Moving the cows and calves in the Mushroom paddock, early this morning.
The planets must be oddly aligned or something, for we keep having other people's sheep on our farm! This time last week I had to chase three rough-looking lambs out of our place and back to their own property and today there was a moth-eaten ewe in a patch of bush which we spent twenty minutes trying to get back to the front of the farm, while she determinedly went through every fence between herself and our little flock. Once she was with them, we brought the lot to the yards, called her owner and he came and took her away.
The starling chicks are nearly ready to fledge. I think their expressions are so funny at this age, for all that it's just how they look.
Today was the first day of the National Secondary school exams. I've taken on a job which involves organising how they are run at the college and for the local correspondence students and those of one other secondary school in town. It has meant a great deal of preparatory work over the last couple of weeks and means that for the next two and a half weeks, I'll hardly be here.
A picture of Isla on Monday evening.
This morning she had the peculiarly pensive look she gets when things are starting to move internally. I thought she'd have calved during the day, so spent my day (out working) wondering why Stephan hadn't rung with an announcement.
A couple of hours before dark she was sitting down and getting up and wandering around with her tail held out and watched very alertly while her sister, Imagen 33 delivered her heifer calf at 8.20pm.
I spent the evening working in the house, then hourly walking to the end of the house paddock to see how Isla was progressing - mostly not. At 10pm she began to show definite signs of real labour, lying over on her side and kicking her legs out.
At 11.39pm there was a foot and I thought the people who'd guessed today's date were going to just scrape in, but no, she got up and down, wandered about ...
At 12.05am there were two feet visible and I gave Isla a bit of help to get the calf out (more for my own entertainment and desire to go to bed, than her need) at 12.08am. The calf is a heifer, Isla's first since Abigail and Amelia in her first two years.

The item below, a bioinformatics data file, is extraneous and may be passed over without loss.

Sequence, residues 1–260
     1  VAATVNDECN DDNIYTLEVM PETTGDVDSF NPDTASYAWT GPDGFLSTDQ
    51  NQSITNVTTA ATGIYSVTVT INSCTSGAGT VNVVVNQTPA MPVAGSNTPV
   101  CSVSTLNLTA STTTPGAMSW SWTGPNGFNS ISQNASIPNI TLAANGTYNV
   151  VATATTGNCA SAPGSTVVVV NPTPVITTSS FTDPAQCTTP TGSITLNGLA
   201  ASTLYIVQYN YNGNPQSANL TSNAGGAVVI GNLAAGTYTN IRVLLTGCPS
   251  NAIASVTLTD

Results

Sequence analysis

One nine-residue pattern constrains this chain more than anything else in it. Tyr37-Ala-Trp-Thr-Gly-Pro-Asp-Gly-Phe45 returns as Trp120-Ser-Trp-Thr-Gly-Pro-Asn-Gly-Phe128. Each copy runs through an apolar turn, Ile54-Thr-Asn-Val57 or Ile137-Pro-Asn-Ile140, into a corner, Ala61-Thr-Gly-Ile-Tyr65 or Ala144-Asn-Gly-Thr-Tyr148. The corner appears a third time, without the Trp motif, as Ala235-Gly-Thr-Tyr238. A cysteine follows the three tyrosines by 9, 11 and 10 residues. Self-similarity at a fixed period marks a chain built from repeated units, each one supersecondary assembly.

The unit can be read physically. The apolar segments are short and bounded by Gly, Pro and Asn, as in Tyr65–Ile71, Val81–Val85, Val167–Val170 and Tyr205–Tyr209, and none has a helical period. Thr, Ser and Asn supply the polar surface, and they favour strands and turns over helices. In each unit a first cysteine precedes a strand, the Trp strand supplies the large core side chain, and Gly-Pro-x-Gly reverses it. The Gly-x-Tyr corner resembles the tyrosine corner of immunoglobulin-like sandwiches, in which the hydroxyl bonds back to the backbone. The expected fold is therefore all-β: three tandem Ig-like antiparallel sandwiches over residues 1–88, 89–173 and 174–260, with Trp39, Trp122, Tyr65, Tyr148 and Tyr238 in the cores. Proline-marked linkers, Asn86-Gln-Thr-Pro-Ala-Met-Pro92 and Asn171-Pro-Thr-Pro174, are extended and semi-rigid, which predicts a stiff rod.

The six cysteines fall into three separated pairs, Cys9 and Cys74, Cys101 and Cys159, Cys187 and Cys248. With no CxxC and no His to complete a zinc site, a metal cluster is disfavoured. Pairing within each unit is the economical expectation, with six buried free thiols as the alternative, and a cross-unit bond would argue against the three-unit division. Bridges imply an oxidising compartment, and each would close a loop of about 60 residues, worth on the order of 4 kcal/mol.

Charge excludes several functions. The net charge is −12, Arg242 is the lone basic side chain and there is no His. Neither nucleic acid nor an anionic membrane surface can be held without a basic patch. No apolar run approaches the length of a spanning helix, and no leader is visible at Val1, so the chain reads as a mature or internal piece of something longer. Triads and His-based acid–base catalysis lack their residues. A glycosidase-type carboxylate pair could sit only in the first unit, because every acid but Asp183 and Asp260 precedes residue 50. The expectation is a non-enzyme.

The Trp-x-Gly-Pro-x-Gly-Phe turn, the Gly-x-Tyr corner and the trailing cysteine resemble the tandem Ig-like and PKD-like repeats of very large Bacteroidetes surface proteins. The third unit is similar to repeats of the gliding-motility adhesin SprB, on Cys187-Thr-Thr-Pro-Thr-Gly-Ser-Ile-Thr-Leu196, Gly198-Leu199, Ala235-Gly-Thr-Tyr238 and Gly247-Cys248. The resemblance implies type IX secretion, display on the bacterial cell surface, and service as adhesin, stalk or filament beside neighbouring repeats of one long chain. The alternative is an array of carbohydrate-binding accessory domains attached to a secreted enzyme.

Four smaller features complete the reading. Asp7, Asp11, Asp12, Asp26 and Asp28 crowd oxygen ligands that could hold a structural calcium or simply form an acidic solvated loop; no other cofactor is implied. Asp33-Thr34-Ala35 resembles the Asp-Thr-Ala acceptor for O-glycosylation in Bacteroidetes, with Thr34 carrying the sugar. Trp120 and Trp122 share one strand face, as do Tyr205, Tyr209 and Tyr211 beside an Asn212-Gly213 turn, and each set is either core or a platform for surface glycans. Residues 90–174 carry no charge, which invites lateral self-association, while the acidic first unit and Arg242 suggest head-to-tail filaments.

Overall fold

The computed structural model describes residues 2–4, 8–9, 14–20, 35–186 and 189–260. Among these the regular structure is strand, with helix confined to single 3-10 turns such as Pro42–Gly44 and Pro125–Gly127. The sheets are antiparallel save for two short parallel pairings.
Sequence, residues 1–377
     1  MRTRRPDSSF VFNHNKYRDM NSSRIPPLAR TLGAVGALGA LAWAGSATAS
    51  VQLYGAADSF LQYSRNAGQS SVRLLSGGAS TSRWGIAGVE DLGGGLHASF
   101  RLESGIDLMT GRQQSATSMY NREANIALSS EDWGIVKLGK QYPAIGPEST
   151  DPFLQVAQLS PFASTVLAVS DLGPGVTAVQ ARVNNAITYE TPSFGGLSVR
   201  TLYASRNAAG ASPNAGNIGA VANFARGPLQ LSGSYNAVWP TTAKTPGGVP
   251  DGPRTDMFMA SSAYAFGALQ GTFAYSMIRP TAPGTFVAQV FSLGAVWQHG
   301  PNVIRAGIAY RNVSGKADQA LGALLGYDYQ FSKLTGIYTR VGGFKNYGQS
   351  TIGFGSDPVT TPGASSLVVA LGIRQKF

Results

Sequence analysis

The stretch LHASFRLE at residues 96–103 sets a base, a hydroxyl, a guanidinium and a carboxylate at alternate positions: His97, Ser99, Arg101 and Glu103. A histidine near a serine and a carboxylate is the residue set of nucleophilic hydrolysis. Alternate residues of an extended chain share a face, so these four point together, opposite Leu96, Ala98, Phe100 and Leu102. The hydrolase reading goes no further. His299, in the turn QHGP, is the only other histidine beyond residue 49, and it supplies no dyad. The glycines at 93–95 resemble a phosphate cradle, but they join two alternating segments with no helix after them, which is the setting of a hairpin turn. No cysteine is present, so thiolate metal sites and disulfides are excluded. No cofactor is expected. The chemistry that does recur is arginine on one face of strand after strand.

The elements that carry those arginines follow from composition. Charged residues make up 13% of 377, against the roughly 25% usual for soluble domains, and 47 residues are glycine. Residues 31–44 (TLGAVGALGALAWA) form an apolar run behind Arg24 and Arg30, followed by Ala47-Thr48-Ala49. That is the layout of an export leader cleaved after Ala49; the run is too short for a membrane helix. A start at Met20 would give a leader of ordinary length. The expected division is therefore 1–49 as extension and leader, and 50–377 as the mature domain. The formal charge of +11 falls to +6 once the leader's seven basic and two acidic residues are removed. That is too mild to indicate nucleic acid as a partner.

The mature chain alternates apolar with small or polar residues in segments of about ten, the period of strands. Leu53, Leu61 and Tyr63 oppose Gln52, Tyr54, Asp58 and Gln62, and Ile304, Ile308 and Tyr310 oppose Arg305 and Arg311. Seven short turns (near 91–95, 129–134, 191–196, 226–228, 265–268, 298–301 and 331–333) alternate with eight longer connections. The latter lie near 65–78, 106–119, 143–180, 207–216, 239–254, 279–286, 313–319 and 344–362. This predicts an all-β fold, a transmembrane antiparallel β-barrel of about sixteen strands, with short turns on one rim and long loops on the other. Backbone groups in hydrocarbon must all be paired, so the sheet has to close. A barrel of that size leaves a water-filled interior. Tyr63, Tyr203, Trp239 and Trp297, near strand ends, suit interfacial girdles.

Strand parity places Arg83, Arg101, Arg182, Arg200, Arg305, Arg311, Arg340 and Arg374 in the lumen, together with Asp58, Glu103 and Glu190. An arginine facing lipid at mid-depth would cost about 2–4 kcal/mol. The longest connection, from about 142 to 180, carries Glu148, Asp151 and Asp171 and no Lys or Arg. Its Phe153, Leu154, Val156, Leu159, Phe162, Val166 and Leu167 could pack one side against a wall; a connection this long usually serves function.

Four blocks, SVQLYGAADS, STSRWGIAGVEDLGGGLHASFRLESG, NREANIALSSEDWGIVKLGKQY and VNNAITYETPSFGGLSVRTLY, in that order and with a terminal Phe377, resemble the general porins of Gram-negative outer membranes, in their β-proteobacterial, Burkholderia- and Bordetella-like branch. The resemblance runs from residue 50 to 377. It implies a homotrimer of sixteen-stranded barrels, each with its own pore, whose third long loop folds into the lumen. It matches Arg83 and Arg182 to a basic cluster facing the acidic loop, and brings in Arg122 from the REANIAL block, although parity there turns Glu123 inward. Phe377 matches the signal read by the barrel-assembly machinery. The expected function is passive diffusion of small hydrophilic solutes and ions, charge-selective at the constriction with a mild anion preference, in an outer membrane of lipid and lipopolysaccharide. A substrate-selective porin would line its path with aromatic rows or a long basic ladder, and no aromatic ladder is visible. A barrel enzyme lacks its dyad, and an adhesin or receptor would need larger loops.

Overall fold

Half an hour later I heard rather too much bellowing from the end of the paddock, so set out to see what was happening: Isla had obviously been giving her calf the rough treatment some cows do to get them up and going, and pushed her through the fence when she started getting to her feet. Fortunately the bottom wires of the electric fence are off, but I still got quite a tingle whenever I touched the wet calf and the wire at the same time. I'm surprised the calf wasn't bothered by it.
In the end it took me about half an hour to sort the problem out, in the middle of which I tried to phone Stephan, who was fast asleep at home, but frustratedly discovered I'd left the computer connected to the internet in the middle of updating the announcement page and so just got our answerphone! Maddening.
I was being very careful, even though Isla is so tame, to give myself room enough to get out of the way if she took exception to my pushing her calf around. I eventually got her away from the fence and down a slope to a safer area, where Isla couldn't push her back into any sort of danger - the edge of the river-bank is only a couple of feet away from where the calf had first been pushed.
There was enough moonlight to see what I was doing most of the time, but in the shadow of the trees, dealing with black cattle gets a little tricky. Trying to hold the torch and handle the calf and fend Isla off was all too much at once - and the cattle find the bright light quite disconcerting and confusing - so I'd put it down as soon as I'd seen what was happening on my arrival.
Congratulations to Chris, Nicola, Natalie, and Britt, all of whom guessed the correct date. We have conducted a draw to determine the winner of the prize. We thought it best to employ an independent drawer of the name, so wrote them all on equal-sized bits of paper, screwed them up and put them in a plate and gave them to Finan, supervised by Spice. The one he picked up has CHRIS written on it.
Thank you all for entering, it's always fun to conduct the competition and the odds of winning are obviously far better than those in almost anything else you might enter!
Chris, who lives in London with his family, is delighted to have won the subscription donated by Growing Today. My thanks to Nadene Hall, its editor, for that kind contribution.
Here's Isla; a photo taken by Stephan during the day.
Both Imagen and her calf were a bit unsettled, so in the evening when I was home and we set out to weigh the calves, we had to take them in to the yards to weigh Imagen's daughter. She was 38kg, smaller than her first calf last year as a two-year-old.
Isla wouldn't go to the yards and since her calf was very placid, we brought the scales to her. She was Isla's usual smallish 36kg.
I've been leaving home on some mornings at around 7.30am and not coming back again until just before 7pm, so there isn't much farm news.
I opened the mail-box at the gate this evening and two of the starlings flew out! Three babies raised makes it a very successful season for their parents.